BT will not be able to swap the index used to uprate part of its pension scheme after the Supreme Court denied permission to appeal, closing all legal avenues.
Members in Section C of the BT Pension Scheme (BTPS) will continue to receive uplifts to their benefits in line with the Retail Prices Index (RPI) rather than the generally-lower Consumer Prices Index (CPI).
The two courts' rulings had revolved around interpretation of the scheme rules, which deem a swap permissible where "the government's general (all items) index of retail prices … ceases to be published or becomes appropriate" in which case "the principal company, in consultation, with the trustees" can decide to us another measure related to "the cost of living".
The High Court had ruled there had been no substantial changes to RPI to make it inappropriate, despite the national statistician derecognising it as an official statistic in 2013.
Prospect, a union representing some of the scheme members, welcomed the Supreme Court's decision, which is estimated to cost the employer around £2bn.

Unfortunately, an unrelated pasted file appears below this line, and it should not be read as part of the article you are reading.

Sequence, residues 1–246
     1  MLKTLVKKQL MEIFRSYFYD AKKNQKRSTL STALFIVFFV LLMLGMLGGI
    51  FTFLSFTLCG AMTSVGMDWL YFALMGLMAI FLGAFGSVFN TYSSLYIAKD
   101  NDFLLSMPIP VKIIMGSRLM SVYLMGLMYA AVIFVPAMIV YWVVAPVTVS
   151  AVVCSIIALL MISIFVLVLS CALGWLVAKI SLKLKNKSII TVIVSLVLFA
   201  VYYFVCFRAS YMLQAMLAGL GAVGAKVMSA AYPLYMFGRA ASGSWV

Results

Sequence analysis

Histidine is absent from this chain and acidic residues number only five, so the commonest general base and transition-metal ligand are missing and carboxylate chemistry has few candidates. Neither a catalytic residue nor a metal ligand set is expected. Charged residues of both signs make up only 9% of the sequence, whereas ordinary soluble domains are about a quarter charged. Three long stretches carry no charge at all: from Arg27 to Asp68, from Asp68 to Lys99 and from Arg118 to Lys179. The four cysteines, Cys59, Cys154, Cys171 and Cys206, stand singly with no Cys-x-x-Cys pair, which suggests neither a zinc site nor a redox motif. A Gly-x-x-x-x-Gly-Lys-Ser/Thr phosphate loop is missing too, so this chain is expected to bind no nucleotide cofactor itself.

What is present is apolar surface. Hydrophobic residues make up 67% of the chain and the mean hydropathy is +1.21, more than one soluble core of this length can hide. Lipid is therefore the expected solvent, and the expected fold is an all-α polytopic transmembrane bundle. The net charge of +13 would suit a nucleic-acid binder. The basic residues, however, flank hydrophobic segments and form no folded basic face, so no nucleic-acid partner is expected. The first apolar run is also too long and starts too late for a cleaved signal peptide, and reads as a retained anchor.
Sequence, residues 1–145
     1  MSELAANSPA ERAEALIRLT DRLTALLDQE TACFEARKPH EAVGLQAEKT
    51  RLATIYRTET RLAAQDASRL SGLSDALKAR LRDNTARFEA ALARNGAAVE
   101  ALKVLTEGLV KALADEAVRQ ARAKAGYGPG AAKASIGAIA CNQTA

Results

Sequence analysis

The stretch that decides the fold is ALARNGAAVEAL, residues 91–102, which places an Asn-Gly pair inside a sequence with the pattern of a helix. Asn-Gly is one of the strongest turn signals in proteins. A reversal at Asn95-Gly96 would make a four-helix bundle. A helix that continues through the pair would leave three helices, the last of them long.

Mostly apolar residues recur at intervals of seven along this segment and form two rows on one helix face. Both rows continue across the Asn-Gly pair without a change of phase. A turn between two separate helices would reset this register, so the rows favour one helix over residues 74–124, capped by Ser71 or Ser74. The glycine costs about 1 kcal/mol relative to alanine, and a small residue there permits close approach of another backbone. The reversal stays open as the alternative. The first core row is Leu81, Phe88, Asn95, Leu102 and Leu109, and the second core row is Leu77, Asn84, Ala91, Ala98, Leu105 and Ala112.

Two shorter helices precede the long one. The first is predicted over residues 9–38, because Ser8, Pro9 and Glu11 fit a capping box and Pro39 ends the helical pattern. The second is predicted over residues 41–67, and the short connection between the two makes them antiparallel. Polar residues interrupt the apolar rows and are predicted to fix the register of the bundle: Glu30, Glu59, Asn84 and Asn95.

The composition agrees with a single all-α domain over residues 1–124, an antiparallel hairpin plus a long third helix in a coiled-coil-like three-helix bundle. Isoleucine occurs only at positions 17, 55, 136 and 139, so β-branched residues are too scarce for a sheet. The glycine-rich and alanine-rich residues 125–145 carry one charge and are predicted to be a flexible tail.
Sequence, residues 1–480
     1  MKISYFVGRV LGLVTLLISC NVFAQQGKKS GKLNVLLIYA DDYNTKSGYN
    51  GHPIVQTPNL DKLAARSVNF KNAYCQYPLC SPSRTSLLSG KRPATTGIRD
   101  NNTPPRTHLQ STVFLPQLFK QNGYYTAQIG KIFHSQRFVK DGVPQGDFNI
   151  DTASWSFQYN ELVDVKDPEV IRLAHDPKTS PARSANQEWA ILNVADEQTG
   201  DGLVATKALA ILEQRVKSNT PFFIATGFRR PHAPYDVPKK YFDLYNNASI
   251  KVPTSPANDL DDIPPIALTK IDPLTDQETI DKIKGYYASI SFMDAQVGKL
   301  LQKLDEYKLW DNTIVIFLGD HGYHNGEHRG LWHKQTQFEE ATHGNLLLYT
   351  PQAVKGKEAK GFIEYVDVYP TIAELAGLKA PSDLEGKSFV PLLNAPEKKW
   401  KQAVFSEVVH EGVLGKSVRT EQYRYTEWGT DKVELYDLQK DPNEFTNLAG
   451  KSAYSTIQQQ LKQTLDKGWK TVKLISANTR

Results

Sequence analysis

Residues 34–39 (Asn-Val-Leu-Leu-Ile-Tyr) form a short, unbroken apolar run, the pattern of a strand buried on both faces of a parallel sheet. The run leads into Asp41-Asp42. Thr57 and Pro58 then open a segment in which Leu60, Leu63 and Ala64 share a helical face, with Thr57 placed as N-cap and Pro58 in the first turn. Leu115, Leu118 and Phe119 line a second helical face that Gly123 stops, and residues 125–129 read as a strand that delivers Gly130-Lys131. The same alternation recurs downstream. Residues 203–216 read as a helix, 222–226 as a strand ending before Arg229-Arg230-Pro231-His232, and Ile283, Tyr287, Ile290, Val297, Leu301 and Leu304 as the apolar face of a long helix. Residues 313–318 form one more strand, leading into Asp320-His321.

National secretary Noel McClean said: "We welcome this decision by the Supreme Court that prevents a blatant attempt at cutting the value of members' pensions in retirement by tens of thousands of pounds [each]. This is a victory for members of Section C of the BPTS that finally brings this matter to a close after a long and protracted legal battle."
A BT spokesperson added: "While we are disappointed, we do, of course, accept the Supreme Court's decision."
Sections A and B of the scheme were switched to CPI in 2010 alongside public sector schemes and deferred members in Section C. A further cohort of the sections 45,000 members were also swapped to CPI last year when the scheme closed to future accrual.
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